The goal of the Burkitt Lymphoma Genome Sequencing Project (BLGSP) is to explore genetic changes in patients with Burkitt lymphoma (BL) that could lead to better prevention, detection, and treatment of this rare and aggressive cancer. The Office of Cancer Genomics (OCG) at the National Cancer Institute (NCI) initiated BLGSP in collaboration with the Foundation for Burkitt Lymphoma Research. The molecular characterization data from Burkitt Lymphoma patients identified through BLGSP will be available to the research community worldwide in a publicly available, yet patient privacy-protected database.
Burkitt lymphoma is a type of non-Hodgkin lymphoma that occurs most often in children and young adults. It is associated with a chromosomal translocation of the MYC gene to one of the three immunoglobulin loci. BL is divided into three main clinical variants: endemic, sporadic, and immunodeficiency-associated. These variants are generally distinguishable by previous exposure to viral infection, tumor location, and geographic location of the patients, although there are exceptions. Current chemotherapy regimens are effective in approximately 40-90% of patients. Treatment success depends on age, stage of the disease, treatment regimen, and site of the treatment facility. The variability of tumor response demonstrates the need for new treatments to improve patient outcomes and quality of life.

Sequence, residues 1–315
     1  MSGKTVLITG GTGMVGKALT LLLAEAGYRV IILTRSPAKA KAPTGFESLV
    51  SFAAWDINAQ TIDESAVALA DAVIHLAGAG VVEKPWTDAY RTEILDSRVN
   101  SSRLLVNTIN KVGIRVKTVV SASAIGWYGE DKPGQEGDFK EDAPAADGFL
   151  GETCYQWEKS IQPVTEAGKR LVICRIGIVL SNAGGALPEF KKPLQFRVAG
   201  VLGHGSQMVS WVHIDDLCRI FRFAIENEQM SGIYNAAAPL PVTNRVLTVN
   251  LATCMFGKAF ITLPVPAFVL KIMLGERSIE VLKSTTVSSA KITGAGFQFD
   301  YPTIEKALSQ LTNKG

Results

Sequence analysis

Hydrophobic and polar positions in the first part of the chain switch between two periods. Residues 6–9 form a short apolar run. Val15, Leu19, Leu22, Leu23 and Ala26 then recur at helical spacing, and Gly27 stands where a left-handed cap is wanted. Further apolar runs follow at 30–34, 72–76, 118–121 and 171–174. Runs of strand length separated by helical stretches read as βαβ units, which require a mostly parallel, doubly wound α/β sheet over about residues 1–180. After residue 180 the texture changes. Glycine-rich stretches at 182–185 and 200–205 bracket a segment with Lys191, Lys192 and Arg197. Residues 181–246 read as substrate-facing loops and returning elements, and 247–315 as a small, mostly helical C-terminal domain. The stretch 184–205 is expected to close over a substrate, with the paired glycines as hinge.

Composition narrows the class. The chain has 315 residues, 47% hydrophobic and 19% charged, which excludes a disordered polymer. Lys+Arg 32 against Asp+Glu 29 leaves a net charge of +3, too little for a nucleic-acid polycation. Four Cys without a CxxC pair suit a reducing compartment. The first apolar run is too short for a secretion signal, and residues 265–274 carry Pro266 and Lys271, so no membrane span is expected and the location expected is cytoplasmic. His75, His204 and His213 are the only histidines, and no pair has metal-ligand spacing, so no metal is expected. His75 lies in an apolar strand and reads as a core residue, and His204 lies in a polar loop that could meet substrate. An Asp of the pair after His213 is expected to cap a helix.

BLGSP for pediatric cases has been completed. The publication from pediatric BL cases can be found here.
BLGSP for adult cases is an ongoing project that is currently in Phases I and II of the timeline.
Phase I: Document Development, Investigator Recruitment, Tissue Accrual
- Develop draft protocols, standard operating procedures, clinical report forms, data request form, investigator tracking form
- Identify and contact potential investigators at Tissue Source Sites
- Obtain Institutional Review Board approvals and institutional certification letters
- Verify Burkitt lymphoma diagnosis of each case by central pathology review of tissue
- Cancers that pass central pathology are submitted for processing into nucleic acids (if the frozen tissue or formalin-fixed, paraffin-embedded samples contain enough tumor nuclei), together with normal tissue, blood, or granulocytes, which are quality controlled
- Deposit clinical data into a project database
- Collect cases for validation phase
- Establish Steering Committee
Phase II: Genome Sequencing and Analysis
- Complete genome and transcriptome sequencing
- Analyze sequence data for:
- Chromosome rearrangements and copy number alterations
- Expression profiles of mRNAs and non-coding RNAs (ncRNA), including any alternative spliced and fusion transcripts
- Identify somatic mutations in the genome and transcriptome and verify
- Investigate if RNA editing is activated
- Continue collecting cases for validation phase
Phase III: Validation of Findings
- Evaluate frequency of mutations in the validation cohort
- Analyze if or which clinical data correlate with the genetic changes
Phase IV: Publication
- Publish results in appropriate peer-reviewed journals
- Present results at scientific meetings, congresses, and symposia
Visit the CGCI Overview page to learn more about the general timeline of CGCI projects.